VIDEO PODCAST: Find out about composers from unusual places, including Gerard Schurmann, Giya Kancheli, Nazib Zhiganov and Nodar Gabunia, about singing in cars, and meet Jim Hutton from the RLPO and some of our regular contributors in this eighty-minute February 2021 video.
Greek composer Nikos Skalkottas was born in Chalcis (on the island of Euboea) on 21 March 1904, and began violin lessons aged five, studying with his father and uncle. Later he studied violin with Tony Schulze at the Athens Conservatory, then with Willy Hess at the Prussian Academy of Arts in Berlin.
His post-Schoenbergian music was influenced by classical repertoire and Greek traditional music, and he was a member of the Second Viennese School. In 1930 some of his works were performed in Athens and Berlin, but they weren't understood.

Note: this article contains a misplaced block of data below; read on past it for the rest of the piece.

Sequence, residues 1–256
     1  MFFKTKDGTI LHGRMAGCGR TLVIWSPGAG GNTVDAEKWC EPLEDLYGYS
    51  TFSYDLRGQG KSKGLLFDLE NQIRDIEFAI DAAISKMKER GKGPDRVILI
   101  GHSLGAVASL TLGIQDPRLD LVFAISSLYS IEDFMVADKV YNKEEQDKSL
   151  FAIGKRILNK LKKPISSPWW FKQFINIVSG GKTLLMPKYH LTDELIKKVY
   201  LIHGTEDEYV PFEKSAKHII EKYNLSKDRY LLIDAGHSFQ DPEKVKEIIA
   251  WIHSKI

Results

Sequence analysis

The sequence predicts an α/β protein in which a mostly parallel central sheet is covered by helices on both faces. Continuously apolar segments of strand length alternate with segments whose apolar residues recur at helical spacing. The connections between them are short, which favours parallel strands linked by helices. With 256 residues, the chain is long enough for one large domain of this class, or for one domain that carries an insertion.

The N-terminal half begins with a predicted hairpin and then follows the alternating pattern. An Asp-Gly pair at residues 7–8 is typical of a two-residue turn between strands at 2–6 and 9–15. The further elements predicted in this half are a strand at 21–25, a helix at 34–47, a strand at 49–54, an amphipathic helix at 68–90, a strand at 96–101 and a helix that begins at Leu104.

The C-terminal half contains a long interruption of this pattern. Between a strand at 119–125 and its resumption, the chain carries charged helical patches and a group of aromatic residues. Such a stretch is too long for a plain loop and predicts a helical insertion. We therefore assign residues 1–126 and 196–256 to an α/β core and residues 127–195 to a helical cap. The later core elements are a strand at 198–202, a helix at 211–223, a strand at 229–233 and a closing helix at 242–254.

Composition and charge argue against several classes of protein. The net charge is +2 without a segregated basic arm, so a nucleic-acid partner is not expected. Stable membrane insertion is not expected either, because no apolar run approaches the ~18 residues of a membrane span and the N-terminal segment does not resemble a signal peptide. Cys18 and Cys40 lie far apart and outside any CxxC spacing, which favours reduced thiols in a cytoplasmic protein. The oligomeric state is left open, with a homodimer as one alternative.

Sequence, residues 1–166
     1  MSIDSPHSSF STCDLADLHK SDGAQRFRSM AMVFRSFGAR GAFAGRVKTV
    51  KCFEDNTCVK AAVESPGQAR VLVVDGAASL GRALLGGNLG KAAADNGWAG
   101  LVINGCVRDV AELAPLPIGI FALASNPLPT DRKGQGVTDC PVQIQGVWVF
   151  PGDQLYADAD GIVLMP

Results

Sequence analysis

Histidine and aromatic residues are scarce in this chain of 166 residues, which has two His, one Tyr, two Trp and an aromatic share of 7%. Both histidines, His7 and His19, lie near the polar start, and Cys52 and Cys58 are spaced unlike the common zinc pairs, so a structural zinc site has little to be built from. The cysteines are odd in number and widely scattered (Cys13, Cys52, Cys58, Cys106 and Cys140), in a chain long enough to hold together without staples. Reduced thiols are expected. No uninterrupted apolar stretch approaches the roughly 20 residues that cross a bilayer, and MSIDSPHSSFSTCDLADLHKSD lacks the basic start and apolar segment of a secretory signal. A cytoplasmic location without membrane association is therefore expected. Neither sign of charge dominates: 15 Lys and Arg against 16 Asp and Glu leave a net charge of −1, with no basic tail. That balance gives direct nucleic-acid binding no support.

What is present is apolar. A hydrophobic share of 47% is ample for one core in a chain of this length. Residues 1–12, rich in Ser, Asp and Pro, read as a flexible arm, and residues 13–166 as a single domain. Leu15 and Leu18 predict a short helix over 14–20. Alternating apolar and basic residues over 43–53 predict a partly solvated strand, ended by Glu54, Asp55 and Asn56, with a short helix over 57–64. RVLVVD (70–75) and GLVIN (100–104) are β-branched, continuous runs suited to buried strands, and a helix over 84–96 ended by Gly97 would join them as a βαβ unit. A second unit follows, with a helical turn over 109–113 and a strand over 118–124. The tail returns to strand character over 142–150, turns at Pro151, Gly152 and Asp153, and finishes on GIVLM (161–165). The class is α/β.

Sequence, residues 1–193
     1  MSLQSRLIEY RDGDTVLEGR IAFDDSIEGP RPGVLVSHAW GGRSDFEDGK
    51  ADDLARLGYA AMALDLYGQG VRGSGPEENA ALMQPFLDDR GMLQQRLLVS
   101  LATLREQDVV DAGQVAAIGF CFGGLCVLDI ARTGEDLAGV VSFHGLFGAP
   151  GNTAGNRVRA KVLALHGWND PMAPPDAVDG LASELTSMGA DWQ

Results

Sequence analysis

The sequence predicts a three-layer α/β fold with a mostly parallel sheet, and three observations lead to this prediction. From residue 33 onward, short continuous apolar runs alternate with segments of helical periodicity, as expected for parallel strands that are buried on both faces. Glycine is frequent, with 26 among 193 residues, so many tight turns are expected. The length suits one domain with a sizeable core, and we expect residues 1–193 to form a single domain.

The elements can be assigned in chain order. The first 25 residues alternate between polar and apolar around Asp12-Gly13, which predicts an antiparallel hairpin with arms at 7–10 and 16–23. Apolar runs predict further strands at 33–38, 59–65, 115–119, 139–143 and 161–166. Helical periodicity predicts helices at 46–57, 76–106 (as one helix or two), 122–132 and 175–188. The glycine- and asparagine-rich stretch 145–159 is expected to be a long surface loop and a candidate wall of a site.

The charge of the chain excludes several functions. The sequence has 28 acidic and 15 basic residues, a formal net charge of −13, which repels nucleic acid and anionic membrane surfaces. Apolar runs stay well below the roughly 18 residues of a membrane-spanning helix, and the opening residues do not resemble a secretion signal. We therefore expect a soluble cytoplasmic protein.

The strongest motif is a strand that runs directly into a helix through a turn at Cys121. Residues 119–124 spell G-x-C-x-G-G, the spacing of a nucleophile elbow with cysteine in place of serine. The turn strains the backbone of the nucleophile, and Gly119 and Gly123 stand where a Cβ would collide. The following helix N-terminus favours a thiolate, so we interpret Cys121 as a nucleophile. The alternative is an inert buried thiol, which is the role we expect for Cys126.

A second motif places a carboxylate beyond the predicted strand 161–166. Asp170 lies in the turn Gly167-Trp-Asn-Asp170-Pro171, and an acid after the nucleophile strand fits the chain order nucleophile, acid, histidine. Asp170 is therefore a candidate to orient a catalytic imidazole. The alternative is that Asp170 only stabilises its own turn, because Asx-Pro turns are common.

He returned to Athens, where he spent the rest of his life, making a living as a back-desk violinist and working at the Folk Music Archive, transcribing Greek folk music into Western music notation.
He continued to compose, privately and prolifically. There were a few performances, but most of his music was unperformed until after his death in Athens on 19 September 1949, aged forty-five.
CD Spotlight. Undoubted Historical Importance - Paul Sarcich listens to music by Nikos Skalkottas. '... Skalkottas is no slave of Schoenberg - he has his own take on Schoenberg's methods and one could not confuse the two.'
CD Spotlight. Great Advocacy - Gerald Fenech listens to orchestral music by Nikos Skalkottas. 'Stefanos Tsialis draws impassioned playing from his Athens ensemble, and the openheartedness and technical finesse with which these works are despatched is beyond admiration.'
Ensemble. An Exciting Whirlwind - Constantinos Carydis conducts Russian and Greek music in Rome, impressing Giuseppe Pennisi
CD Spotlight. Violinistic Aggression - Herwig Zack, heard by the late Howard Smith. 'Others are more brilliant but few, if any, more powerful.'
CD Spotlight. Highly Challenging - Music for unaccompanied violin, heard by Howard Smith. '... searching performance ...'